Think of the nastiest, most deplorable and depraved thing you’ve ever done in the bedroom. Turns out your partner might have thought it wasn’t that nasty after all.
College-aged women were more likely to ignore disgusting or repulsive activities when sexually aroused, according to Charmaine Borg and Peter J. de Jong, researchers at the University of Groningen in the Netherlands.
That’s right. Getting horny can make you ignore the ick factor.
“Saliva, sweat, semen and body odors are among the strongest disgust elicitors. This results in the intriguing question of how people succeed in having pleasurable sex at all,” the findings, published in the peer-reviewed and open access journal “PLOS ONE,” said.
Here’s how the study worked: 90 heterosexual female students with an average age of 23 were selected from the University of Groningen and were split into three groups. The first group watched a 35-minute “female-friendly erotica” film intended to arouse, the second group a video of extreme sports intended to nonsexually arouse, and the third a video of scenic train ride meant to elicit a neutral response.
Every five minutes during the film, the women were given a disgusting task to perform falling into one of four categories of disgust ranging from lubricating a vibrator to drinking liquid out of a cup with a fake insect floating in it. Participants were allowed to opt out of completing a task if they found it too disgusting to perform.
Women in the arousal group were more likely to complete the tasks than the other groups and less likely to feel disgusted when performing them, the researchers found.
Ivy Chen, sex and relationships lecturer at SF State, admitted she hadn’t heard about this study before and was curious about the researchers’ definition of repulsive.
“What may be thought of as repulsive by one person may be thought of as acceptable or sexy by another,” Chen said. “What I do know is that sexual arousal raises the pain threshold, so that you can withstand more pain when turned on. I think it’s possible that sexual arousal can raise the tolerance of a variety of things.”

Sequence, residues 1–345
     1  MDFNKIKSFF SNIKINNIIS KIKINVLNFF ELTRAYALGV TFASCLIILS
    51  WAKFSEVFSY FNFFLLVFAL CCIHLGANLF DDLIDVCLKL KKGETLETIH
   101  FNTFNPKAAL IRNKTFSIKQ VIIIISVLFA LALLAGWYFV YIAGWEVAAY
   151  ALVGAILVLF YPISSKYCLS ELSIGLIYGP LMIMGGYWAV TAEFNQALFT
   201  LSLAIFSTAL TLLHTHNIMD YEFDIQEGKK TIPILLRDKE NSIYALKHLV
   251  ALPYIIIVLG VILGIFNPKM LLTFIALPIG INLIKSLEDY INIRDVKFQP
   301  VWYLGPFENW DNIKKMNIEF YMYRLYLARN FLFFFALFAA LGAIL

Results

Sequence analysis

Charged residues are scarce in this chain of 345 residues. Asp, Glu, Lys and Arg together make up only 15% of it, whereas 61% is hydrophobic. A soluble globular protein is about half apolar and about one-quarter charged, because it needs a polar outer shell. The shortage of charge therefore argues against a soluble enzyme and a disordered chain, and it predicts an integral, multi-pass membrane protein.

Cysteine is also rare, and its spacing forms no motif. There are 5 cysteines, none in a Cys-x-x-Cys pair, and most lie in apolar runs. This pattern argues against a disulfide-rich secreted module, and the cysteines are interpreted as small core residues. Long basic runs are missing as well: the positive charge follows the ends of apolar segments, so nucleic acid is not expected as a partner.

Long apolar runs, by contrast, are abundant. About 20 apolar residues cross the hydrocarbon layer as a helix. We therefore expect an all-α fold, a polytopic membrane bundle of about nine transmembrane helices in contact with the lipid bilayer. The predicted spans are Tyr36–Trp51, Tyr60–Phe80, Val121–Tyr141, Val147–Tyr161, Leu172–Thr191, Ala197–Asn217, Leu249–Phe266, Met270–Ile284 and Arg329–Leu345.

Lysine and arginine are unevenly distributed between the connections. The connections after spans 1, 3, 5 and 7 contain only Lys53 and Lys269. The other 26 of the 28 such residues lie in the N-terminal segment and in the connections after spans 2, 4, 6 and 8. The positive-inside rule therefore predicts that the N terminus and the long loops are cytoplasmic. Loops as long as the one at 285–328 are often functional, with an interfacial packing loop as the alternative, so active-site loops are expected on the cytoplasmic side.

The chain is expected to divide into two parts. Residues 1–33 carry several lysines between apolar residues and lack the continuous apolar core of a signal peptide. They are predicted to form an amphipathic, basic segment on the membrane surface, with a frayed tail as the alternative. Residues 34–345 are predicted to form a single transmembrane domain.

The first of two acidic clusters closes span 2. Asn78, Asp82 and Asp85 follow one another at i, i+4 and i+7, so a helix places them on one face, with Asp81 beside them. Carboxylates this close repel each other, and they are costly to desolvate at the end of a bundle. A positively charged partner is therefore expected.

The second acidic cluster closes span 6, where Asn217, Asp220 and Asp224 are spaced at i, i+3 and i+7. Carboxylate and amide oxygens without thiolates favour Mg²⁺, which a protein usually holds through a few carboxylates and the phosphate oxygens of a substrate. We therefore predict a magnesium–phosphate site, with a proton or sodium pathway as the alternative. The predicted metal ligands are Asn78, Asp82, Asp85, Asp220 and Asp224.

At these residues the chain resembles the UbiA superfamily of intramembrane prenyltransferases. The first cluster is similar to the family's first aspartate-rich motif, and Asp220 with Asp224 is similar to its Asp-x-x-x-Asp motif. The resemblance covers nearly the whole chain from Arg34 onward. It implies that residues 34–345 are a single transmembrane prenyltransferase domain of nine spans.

Keep in mind, skirt chasers, that this doesn’t mean all women are going to be willing to get into bed with the intention of doing something they would normally consider repulsive. If you like gross stuff, you’re just going to have to find yourself a girl who enjoys the gross stuff. However, once women are sexually aroused, it’s likely that they will ignore their usual repulsion.
Think about it in terms of performing oral sex on someone. You know that — no matter what your partner has between their legs — that it’s got some bodily secretions on it. Precum, vaginal lubrication and sweat are the usual frontrunners, meaning that it’s going to have a specific, and maybe unappealing, taste. Rationally, in your current unaroused state, you’re probably a bit grossed out right now. But we both know that you’ve gone down on someone — and you probably liked it.
But an obvious problem arises when you’re not sexually aroused and repulsed, the study mentioned.
“Perhaps most important for the present context, the findings indicate that both the impact of heightened sexual arousal on subjective disgust and also on disgust-induced avoidance will act in a way to facilitate the engagement in pleasurable sex and can be problematic if one of the two is not influenced or modified by sexual arousal.”
Still, Chen warns people to be cautious.
“I think that it’s a good idea for people to define their boundaries while they are clothed, sober and not yet aroused. While a man or woman may participate in something that would normally disgust them while aroused, they may regret it afterwards,” she said. “Some people get swept up in the moment while aroused and therefore more willing to do ‘disgusting’ things. Some people may participate to please their partner if their partner really wants to try something. However, it’s important that partners discuss their values and comfort level with any activity before the clothes come off.”